The first episode examines how film itself is referenced in contemporary movies: beginning with Mulholland Drive, David Lynch’s sensuous, distorted dissection of Hollywood and of film itself then continuing with Leos Carax’s Holy Motors, where an actor criss-crosses Paris where each location in his odyssey becomes a strange, anarchic movie. Finally, in Joshua Oppenheimer’s extraordinary documentary The Act of Killing, Danny considers how the director relives the 1965 massacres in Indonesia. Here, the unrepentant gangsters who formed the death squads also happen to love films, so the director convinces them to restage their crimes for a ‘movie’ in order to set the record straight.
Episode 2 / Money
In the second episode, Danny looks at movie portrayals of money – and the people making it. Margin Call, starring Kevin Spacey and Jeremy Irons, takes an insistently authentic look at the rarefied world of investment bankers in 2008, just as Wall Street is about to open up beneath them. In The Wolf of Wall Street, audiences loved Leonardo DiCaprio’s gangster-as-banker Jordan Belfort, who was “at least honest about his dishonesty”, making it Martin Scorsese’s biggest box office success. Spring Breakers features four girls desperate to head to the Florida sun, who land with James Franco’s character Alien, a “svengali, drug dealer, rapper and enthusiastic capitalist”. Is this the good life?
Episode 3 / Sex
The third episode of Film Now takes a look at sex and gender. The Hollywood sex scene’s heyday was rendered obsolete by the internet’s arrival. Away from the mainstream, arthouse auteurs reacted to online porn’s challenge – or perhaps took advantage of it. As well as being explicit, and sometimes brilliant, films like Lars von Trier’s Nymphomaniac were about women as seen by men, and directed by men. But, slowly, women have started to get their visions seen on-screen, and they see women differently – soaringly so in Celine Sciamma’s Paris-set Girlhood. And gender, sexuality and relationships are central to Tangerine, which portrayed trans street culture in Los Angeles and smashed conventions with both its casting choices and filming techniques.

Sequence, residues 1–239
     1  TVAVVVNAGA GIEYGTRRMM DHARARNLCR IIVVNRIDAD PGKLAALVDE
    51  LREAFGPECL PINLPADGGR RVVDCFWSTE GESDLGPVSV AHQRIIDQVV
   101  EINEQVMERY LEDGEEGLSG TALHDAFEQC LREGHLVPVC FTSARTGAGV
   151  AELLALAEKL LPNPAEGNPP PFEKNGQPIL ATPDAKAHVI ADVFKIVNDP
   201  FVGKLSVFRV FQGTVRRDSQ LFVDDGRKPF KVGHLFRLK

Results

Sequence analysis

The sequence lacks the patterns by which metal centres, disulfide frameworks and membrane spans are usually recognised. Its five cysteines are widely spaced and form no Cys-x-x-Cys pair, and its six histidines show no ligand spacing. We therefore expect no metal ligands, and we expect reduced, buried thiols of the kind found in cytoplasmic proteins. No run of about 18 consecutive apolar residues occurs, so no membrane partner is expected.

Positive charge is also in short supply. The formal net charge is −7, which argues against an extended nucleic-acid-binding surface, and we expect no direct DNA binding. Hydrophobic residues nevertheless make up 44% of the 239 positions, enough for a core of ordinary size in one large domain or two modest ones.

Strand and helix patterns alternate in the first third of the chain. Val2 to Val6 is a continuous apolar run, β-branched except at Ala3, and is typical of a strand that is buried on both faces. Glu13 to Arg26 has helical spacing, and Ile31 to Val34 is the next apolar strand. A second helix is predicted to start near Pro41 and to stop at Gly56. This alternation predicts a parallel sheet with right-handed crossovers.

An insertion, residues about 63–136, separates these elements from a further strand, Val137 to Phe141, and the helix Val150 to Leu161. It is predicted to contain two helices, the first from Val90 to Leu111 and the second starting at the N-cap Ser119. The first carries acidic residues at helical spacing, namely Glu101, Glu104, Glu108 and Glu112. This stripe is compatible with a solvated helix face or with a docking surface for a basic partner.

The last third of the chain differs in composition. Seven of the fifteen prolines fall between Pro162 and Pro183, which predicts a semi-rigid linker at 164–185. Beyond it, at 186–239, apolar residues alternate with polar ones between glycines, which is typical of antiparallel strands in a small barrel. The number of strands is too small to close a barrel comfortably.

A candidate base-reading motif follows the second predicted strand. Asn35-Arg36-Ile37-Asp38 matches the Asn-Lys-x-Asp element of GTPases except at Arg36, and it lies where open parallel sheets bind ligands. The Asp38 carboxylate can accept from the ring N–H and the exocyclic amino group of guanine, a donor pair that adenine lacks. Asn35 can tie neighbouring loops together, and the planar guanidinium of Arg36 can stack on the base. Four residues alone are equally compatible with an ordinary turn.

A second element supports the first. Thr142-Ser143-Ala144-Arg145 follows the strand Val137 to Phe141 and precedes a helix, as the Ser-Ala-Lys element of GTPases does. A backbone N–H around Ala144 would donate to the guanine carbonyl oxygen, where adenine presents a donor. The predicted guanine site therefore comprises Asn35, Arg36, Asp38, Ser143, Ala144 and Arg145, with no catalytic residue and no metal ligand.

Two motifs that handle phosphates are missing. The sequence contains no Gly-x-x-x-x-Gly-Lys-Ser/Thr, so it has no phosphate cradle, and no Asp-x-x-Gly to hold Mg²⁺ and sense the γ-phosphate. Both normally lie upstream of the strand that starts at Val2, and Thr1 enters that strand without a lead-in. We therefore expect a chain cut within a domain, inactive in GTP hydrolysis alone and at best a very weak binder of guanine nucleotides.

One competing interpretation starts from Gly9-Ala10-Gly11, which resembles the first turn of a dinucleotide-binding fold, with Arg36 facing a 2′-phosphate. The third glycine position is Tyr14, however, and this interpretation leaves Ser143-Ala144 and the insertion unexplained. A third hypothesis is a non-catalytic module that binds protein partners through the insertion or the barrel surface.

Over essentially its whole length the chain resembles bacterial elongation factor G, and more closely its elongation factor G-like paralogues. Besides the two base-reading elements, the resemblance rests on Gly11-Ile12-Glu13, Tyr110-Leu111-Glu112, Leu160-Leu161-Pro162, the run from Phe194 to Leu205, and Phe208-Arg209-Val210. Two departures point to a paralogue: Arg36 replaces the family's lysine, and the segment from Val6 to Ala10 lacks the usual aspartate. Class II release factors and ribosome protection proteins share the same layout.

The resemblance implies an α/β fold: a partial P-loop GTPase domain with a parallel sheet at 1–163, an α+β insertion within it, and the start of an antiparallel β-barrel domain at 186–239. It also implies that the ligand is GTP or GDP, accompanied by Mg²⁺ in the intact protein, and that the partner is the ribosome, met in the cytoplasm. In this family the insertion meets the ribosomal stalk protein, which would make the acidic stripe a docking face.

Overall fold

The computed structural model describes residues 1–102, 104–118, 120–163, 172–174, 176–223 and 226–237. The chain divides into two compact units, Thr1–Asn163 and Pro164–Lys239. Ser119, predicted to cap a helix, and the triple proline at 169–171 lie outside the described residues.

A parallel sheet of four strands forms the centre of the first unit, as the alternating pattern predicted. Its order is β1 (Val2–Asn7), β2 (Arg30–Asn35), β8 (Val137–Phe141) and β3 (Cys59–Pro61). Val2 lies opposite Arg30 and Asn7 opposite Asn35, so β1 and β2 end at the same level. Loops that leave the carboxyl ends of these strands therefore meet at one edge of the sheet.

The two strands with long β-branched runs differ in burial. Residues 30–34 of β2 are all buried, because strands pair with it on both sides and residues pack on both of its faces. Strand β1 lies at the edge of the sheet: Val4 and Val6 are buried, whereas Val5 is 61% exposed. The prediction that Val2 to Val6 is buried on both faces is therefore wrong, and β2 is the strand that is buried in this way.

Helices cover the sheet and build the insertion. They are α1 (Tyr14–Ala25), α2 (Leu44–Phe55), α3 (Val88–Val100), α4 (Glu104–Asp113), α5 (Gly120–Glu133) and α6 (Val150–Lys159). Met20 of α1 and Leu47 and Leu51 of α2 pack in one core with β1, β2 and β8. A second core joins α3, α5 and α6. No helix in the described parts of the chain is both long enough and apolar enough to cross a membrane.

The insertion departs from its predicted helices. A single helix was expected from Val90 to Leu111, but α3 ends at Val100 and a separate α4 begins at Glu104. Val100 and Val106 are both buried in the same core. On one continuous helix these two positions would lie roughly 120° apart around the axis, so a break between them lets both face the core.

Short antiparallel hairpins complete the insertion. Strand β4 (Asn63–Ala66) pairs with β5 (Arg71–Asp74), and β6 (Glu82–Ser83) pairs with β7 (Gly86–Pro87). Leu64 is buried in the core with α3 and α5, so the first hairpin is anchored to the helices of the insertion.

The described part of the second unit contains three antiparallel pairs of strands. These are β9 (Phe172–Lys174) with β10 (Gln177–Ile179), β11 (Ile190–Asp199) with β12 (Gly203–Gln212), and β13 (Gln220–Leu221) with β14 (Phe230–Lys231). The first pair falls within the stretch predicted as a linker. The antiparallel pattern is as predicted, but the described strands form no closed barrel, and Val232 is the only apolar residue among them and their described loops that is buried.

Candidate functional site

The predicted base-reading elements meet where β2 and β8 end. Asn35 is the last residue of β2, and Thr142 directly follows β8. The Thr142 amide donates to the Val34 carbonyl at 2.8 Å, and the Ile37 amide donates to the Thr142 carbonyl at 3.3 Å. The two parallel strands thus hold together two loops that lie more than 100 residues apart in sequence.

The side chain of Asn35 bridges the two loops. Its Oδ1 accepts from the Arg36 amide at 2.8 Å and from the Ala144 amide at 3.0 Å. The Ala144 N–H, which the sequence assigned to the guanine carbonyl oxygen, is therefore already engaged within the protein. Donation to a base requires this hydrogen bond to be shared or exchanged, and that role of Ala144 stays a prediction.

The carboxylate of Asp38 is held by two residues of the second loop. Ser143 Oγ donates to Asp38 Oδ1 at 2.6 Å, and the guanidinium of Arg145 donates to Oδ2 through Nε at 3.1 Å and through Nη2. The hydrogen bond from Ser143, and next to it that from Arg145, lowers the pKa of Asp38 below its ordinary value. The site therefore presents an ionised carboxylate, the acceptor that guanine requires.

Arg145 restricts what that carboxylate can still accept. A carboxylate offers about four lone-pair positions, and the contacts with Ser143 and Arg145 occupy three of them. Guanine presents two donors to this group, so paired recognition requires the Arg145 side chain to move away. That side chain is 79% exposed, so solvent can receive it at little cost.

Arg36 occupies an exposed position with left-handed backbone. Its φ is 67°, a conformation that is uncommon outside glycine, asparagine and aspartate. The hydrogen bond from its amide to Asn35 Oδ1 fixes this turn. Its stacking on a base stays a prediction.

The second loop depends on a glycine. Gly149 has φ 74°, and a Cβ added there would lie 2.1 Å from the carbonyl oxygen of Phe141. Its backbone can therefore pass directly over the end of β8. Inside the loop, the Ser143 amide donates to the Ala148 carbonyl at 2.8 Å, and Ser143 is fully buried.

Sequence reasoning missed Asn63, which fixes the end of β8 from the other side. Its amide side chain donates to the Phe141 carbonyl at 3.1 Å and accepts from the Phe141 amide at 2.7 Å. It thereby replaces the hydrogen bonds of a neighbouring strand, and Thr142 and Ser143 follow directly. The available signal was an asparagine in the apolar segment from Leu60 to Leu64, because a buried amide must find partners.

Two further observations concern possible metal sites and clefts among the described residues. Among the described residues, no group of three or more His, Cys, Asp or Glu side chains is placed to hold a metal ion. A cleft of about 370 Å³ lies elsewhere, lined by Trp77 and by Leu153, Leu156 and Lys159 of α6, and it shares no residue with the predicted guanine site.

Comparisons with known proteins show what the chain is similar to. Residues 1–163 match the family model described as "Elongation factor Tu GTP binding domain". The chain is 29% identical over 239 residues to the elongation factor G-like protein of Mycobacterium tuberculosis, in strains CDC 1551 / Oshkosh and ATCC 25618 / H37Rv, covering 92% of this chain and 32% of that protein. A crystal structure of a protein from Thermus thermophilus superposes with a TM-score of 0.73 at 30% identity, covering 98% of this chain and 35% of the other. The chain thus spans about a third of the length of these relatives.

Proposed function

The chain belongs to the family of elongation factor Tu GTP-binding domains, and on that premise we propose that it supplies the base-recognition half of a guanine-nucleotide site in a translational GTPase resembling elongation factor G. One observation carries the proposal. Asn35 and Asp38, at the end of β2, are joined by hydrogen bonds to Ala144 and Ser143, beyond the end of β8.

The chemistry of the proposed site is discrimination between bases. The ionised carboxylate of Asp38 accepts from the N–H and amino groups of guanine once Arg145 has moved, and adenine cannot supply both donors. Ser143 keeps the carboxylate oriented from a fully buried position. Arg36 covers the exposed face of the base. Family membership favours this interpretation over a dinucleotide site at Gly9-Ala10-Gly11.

Episode 4 / Death
The fourth episode of Film Now, Danny Leigh’s exploration of modern cinema, takes a look at approaches to death in three key 21st-century films. Directed by Paul Greengrass, United 93 was the tragic story of the only flight of the four hijacked on the morning of September 11th 2001 not to reach its intended target.
Only God Forgives was directed by Nicolas Winding Refn, his follow-up to the much-loved Drive, and again starring Ryan Gosling. This time, the response was what we would politely call divided, to a movie slick with Refn’s stylised bloodshed. And at first glance, David Robert Mitchell’s It Follows looks like that most mundane of things, the American suburban teenage horror movie, with a cast destined to be sliced, diced and forgotten. But it messes with every expectation.
Danny Leigh introduces the series
In film the urge is always to look ahead or behind us. In one direction there’s the giddy rush of new releases, the endless Willy Wonka conveyor belt of colourful forthcoming treats, often better in anticipation than reality. In the other there’s the weight of history, that glorious movie past, a gorgeous panorama of black-and-white filled with Monroe and Brando, Hitchcock and Citizen Kane.
What we do less is look at the moment. So I wanted to dedicate six short videos to the century of cinema so far. The 21st, sixteen years in. As well as enthralling us, movies can be a mirror. On the surface there are headlines, beneath it the stories we tell ourselves on screen, a collective subconscious bubbling up into characters and plots.
So what’s been on our minds, I wondered, in the era that began with a sigh of relief that the Millennium Bug hadn’t snuffed out civilization, and which brought us to right here. Wherever this is.
Some of the videos we’ve made are about film itself – reshaped by the rise of digital technology and filled with thrilling new talents, but still with room for Scorsese, Lynch, Lars von Trier, Kathryn Bigelow.
Most are about the place where it meets the real world. Not film as it was, or might be in the future. But about film and money, love and sex, fear and death, how we see ourselves and each other. In other words: about film now.
Training Day writer David Ayer directs this feature based on the DC Comics anti-heroes, following a secret government agency that recruits imprisoned supervillains to carry out black ops missions. An all-star cast play the rogues gallery of inmates, with Will Smith as the assassin Deadshot, Jared Leto as The Joker and Margot Robbie as his clown-faced partner Harley Quinn.